Lately, my world is dominated by numbers — these numbers: 0.4, 16.7 and 133/76. It began in November when my blood pressure, previously under control, started to rise again. This might have had something to do with another number on my bathroom scale, which I don’t care to mention.
By Thanksgiving, my blood pressure readings were creeping up to 150/92. That qualified me for Stage 1 hypertension. Again.
The doctor told me to take my blood pressure at home. And I did. But here’s the funny thing about blood pressure: sometimes, there is a direct correlation between the hum of the Omron cuff and the numbers rising on the screen. They call this “white coat hypertension.” Only, if there aren’t any “white coats” at home, high readings are, theoretically, high readings.
In November, the only way I could get a good reading (doctors say we should all aim for 120s/70s) was if I emptied my bladder first, sat straight, uncrossed my legs, shooed away the children, took 20 deep breaths until my head felt light, and (most importantly) didn’t look at the screen. So for about 1 minute out of the day, I had good blood pressure. The rest of the day, I was a walking frowny-face from those pain charts in the doctor’s office.
The doctor doubled my medicine, and like magic, the numbers started to fall, even when I took my blood pressure after yelling at the kids to get out the door on a school morning. My version of an extreme sport: finding the absolute worst time possible to take my blood pressure.
I relaxed again.
Then one night, I was playing Word with Friends with CNN on the television for background noise. Something caught my attention. Anchor Don Lemon was interviewing NFL linebacker Chris Draft about his wife who died of lung cancer one month after their wedding. Keasha Draft was not a smoker. So how did she get lung cancer?
She grew up in a home that had too much radon gas. According to the EPA, radon — an odorless, tasteless gas — is responsible for 21,000 deaths each year. That’s more than from drunk driving, drownings and home fires.
I put down Words with Friends as my stomach turned in knots. Could we have too much radon? I dared myself to take my blood pressure, as I could feel my heart beating in my throat. But then I decided to do something more productive: I searched online for someone to test our home.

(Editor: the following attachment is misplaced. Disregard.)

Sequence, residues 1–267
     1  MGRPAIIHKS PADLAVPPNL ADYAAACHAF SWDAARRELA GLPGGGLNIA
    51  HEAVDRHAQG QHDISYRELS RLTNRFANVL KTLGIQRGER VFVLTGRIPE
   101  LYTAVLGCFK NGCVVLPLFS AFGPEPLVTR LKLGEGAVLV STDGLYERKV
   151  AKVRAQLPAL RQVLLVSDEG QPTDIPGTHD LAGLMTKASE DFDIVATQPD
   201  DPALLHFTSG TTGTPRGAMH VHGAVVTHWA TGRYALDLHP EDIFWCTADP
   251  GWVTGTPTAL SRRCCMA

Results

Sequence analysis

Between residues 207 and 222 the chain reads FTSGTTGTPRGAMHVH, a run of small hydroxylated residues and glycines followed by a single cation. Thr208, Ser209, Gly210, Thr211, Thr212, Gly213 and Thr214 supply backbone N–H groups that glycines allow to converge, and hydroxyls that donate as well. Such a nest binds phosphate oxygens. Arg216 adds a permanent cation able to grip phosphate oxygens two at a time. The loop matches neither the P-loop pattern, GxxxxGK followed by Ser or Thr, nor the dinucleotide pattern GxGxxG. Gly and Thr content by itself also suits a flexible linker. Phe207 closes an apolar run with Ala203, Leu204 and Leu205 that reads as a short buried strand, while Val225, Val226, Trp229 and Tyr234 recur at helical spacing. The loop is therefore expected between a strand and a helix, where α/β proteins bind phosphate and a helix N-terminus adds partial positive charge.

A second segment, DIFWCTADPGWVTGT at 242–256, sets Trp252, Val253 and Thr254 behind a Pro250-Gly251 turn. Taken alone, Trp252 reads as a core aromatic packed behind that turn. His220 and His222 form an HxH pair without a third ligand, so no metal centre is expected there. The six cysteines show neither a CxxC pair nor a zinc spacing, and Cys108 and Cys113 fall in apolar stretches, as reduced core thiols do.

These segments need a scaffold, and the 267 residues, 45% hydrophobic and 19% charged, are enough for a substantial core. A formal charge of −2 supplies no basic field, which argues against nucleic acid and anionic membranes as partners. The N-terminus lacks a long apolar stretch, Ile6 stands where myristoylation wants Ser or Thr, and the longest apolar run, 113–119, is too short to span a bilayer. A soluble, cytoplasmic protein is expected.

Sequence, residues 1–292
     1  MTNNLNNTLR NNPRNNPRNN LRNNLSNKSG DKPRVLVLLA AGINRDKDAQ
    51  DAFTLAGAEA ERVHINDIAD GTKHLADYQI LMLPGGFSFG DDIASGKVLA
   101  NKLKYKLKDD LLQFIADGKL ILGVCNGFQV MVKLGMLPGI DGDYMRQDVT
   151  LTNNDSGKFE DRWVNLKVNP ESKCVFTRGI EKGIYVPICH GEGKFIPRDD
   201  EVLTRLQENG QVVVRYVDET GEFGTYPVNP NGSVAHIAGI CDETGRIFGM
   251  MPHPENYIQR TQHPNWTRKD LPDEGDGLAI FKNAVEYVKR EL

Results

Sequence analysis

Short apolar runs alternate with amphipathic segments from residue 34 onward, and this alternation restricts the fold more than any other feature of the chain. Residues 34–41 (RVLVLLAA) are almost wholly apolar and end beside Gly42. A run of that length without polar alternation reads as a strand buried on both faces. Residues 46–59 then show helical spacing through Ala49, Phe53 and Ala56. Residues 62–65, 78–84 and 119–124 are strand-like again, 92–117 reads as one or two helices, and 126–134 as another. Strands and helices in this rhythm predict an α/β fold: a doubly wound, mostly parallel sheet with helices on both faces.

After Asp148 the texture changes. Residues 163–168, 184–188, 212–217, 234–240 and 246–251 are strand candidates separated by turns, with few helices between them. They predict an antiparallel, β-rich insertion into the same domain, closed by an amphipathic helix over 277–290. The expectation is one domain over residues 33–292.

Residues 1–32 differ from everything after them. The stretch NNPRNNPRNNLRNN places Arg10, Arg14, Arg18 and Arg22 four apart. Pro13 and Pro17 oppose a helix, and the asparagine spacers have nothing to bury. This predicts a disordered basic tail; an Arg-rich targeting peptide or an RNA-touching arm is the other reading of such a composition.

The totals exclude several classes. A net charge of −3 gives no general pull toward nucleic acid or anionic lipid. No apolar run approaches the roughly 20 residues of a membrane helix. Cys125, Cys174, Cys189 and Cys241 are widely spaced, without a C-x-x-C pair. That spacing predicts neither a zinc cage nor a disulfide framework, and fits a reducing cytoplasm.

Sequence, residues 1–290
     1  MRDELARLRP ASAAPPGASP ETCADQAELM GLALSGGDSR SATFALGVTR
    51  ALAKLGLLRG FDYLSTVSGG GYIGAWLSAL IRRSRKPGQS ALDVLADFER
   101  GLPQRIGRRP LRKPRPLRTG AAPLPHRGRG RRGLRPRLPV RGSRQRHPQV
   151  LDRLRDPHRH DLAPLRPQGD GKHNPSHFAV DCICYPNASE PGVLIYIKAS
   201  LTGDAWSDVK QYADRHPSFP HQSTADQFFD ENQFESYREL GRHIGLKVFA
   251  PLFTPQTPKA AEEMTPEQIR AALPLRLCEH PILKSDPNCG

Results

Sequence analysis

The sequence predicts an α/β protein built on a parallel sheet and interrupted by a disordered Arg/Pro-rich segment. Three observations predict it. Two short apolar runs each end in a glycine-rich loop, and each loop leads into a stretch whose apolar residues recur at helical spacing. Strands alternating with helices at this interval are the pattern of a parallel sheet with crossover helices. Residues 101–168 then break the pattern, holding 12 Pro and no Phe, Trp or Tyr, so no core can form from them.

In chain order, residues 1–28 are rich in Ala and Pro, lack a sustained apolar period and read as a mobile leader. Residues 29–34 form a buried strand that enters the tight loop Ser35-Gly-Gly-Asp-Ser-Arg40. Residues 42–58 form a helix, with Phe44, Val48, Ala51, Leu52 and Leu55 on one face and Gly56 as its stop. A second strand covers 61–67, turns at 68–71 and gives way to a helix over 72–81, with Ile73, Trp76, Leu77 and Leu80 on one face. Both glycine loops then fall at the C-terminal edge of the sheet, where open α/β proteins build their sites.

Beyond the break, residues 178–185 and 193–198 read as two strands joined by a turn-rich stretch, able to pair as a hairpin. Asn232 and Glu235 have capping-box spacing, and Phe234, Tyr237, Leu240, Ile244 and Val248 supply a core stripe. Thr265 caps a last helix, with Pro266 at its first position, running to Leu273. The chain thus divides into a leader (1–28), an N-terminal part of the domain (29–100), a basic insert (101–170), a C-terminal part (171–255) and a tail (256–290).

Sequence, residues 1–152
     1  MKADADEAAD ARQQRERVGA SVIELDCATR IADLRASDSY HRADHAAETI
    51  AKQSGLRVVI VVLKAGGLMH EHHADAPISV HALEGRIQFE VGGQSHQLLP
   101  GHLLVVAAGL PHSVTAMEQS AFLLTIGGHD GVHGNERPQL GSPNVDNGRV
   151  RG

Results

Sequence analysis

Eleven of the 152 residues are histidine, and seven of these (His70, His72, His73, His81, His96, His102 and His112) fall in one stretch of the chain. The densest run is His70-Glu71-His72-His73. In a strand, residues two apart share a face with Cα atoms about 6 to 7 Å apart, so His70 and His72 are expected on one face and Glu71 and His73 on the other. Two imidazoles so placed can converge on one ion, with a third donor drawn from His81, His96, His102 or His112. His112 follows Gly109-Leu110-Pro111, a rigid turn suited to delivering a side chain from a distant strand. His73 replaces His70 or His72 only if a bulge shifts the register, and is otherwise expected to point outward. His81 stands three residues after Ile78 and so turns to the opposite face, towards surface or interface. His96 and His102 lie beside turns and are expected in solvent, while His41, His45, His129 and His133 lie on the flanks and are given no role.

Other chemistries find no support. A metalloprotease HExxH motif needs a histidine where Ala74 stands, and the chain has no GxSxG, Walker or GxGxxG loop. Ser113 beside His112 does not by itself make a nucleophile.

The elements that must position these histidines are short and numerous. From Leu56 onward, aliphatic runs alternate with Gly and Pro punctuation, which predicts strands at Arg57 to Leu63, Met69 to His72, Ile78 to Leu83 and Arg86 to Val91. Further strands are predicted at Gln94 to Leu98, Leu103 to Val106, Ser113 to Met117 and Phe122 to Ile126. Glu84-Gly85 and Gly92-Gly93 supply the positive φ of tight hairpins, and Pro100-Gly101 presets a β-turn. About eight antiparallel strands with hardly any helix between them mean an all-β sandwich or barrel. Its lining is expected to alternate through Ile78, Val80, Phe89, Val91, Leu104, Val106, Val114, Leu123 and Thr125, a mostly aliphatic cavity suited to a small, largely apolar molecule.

Reese Perkins arrived with a black box that looked like a camera. He put it in our basement and said he would be back to retrieve it in three days. I eyed the box each time I went to get our laundry. What news would that box deliver, I wondered, and I could feel my blood pressure go up.
When Reese returned and evaluated the box, he had good news. Our home’s average radon measurement is 0.4 picocuries per liter of air, or pCi/L. The EPA suggests radon mitigation for any home that measures 4.0 pCi/L or above.
My blood pressure dropped again.
Then, for reasons I will never understand, I asked Reese, “Do you test water for lead, too?”
Dustin rolled his eyes.
“Oh, geez, let it go,” he said. “Are you looking for something to worry about?”
Reese left with a sample of water.
According to the EPA, lead is unlikely to be in source water because the 1974 Safe Drinking Water Act regulates our supplies. But older homes with lead pipes, which are now banned, might have a problem if the lead leaches into the water. And ingesting lead is a big problem. Especially for children.
Warning: if you Google “lead effects on children,” you will call to get your water tested as soon as possible.
But get this: lead exposure can cause high blood pressure in adults.
The EPA suggests that any water testing higher than 15 parts per billion, or ppb, for lead is not suitable to drink. Three days later, Reese gave us our results: 16.7 ppb.
I glared at Dustin. He looked like he wished I hadn’t let Reese leave with a sample of water, because he knew what was coming next: I was going to get everyone’s blood checked. More waiting. More numbers. More worry.
Step away from the blood pressure machine, Sarah.
People like me (the polite term is people with “health anxiety”) get frustrated with the medical field, which never deals in absolutes, only percentages and chopped up numbers such as 0.4 and 16.7, or blood pressure readings that are not static over time. You can’t pin these people down for a guarantee on anything.
But as Reese said, you don’t know how to fight until you know what you’re up against. We have lead in our pipes, but little radon. I have high blood pressure that requires medicine. All right, I’m dealing with these. Lead is nothing that a week’s earnings-worth of bottled water won’t fix.
So I’m a 133/76 (on a good day), 0.4 pCi/L, 16.7 ppb kind of gal.
Do you know your numbers?
Maine author and columnist Sarah Smiley’s writing is syndicated weekly to publications across the country. She and her husband, Dustin, live with their three sons in Bangor. She may be reached at www.Facebook.com/Sarah.is.Smiley.